Bear lottery winners must purchase their license by July 29, 2011. Unsold and any surplus licenses will then become available for one week to those that applied but were not selected in the lottery starting August 3, 2011 at 12:00PM. August 10, 2011 at 12:00PM any remaining unsold license will become available to anyone.

Back in the day I remember a lot of bear hunters just bought their license over the counter on their way up north. In the last few years - I would say since 2006 - bear hunting has sky rocketed as far as interest. It has become more difficult to buy a tag over the counter. They have even reduced the number of tags this year to promote higher success rate.

Remember that if you are planning to go with a guide you might be out of luck for the good ones. They might be full and you might be baiting for yourself. This is not such a bad deal. You might even enjoy the fruits of your labor a lot more.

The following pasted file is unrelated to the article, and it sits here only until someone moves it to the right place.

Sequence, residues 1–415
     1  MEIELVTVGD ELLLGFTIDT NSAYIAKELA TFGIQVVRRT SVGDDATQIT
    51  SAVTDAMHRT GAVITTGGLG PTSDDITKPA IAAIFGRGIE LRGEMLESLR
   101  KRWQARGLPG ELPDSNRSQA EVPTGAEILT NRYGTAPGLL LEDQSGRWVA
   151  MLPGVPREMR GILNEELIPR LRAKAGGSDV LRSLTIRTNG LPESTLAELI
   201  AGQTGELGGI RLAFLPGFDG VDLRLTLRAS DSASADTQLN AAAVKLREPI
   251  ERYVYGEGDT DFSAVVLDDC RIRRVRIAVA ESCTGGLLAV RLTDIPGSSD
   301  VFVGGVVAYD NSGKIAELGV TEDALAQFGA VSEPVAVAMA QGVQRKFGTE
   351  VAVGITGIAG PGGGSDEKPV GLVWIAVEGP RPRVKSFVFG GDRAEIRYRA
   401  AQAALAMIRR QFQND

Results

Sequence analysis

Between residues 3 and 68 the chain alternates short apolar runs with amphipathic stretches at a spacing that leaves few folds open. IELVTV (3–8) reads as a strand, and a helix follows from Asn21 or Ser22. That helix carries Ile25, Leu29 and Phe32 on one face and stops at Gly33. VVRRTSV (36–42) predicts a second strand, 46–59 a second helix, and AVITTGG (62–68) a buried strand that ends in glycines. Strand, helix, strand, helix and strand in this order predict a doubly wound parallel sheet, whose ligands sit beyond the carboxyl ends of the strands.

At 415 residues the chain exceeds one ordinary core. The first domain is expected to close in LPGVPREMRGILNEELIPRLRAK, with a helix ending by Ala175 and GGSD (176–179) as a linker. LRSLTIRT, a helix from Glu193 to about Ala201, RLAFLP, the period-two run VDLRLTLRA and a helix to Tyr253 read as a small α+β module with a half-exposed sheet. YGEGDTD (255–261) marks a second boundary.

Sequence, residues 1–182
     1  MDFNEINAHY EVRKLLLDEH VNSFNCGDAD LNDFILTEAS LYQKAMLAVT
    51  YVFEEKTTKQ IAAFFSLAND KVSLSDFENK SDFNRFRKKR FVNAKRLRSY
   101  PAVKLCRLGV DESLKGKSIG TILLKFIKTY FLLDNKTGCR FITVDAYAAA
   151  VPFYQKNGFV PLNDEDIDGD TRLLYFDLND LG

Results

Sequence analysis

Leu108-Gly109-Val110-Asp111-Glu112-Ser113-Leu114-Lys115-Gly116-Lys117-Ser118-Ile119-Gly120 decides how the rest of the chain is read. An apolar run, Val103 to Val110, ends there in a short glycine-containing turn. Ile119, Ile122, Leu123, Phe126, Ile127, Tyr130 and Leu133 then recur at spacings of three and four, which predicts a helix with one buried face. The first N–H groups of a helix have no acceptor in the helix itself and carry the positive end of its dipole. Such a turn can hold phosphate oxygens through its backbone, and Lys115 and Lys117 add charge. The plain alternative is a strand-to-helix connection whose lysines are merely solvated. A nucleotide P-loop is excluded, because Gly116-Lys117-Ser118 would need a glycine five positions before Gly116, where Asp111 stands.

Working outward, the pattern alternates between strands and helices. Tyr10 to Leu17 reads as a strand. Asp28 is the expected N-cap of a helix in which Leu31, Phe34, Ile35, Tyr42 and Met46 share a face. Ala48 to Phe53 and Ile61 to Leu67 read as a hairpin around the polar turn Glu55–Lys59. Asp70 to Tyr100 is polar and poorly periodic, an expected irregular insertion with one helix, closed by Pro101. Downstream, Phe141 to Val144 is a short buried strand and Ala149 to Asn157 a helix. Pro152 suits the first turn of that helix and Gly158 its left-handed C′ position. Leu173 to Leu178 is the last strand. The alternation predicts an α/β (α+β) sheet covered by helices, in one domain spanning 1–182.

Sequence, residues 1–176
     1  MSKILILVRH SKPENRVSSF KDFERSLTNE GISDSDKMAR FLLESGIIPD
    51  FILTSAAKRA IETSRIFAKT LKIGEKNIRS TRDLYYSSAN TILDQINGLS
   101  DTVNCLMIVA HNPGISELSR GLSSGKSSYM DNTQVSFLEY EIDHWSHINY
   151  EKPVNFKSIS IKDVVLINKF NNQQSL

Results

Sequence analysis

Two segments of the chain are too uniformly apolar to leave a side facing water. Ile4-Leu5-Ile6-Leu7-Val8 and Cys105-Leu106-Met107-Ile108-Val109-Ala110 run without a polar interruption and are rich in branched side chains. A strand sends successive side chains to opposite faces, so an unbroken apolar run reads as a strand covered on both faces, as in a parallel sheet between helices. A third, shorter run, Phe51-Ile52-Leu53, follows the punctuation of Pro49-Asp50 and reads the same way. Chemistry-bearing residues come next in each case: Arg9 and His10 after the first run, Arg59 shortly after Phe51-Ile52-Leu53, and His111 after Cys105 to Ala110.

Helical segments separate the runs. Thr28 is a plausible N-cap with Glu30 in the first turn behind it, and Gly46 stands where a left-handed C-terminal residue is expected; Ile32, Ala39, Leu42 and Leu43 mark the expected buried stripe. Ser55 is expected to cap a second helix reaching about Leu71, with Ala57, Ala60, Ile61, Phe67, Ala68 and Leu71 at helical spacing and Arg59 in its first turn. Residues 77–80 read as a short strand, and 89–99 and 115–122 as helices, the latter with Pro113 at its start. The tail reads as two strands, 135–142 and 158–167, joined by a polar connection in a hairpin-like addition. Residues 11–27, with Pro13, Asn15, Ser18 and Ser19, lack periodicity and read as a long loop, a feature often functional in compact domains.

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Monday, May 9, 2011

Scouting for Guides

You have applied to the Minnesota State Black Bear Lottery with the zone of your choice. You are waiting to see if you have been drawn for a tag. You know you want to go with a Guide / Outfitter. How do you go about looking for one? My suggestion is word of mouth. That is your best bet. If you don't know someone who has gone on a guided hunt ask someone if they know of anyone who has and talk to them.

My second suggestion is the Minnesota DNR's website. They compile a list of licensed bear guides (they bought a license no different than you buying your fishing license). The list has contact information for you.
Call them or checkout their websites if they have one.

Another suggestion is to just Google a few variations of "Black Bear Hunting Minnesota" or "Minnesota Black Bear Guide" or "MN Bear Outfitter". You get the jest of it.

My last suggestion is to look on Craigslist in Minnesota or sometimes Ebay.com. Again, try to search for "Bear Guide" or "Black Bear" or "Bear Hunt".

So you think you have your search narrowed down to a few guides. Make your list of questions up prior to calling. Talk it over with your buddies. Pickup the phone and start calling. Almost every guide is willing to sit and talk with you at length about all your questions.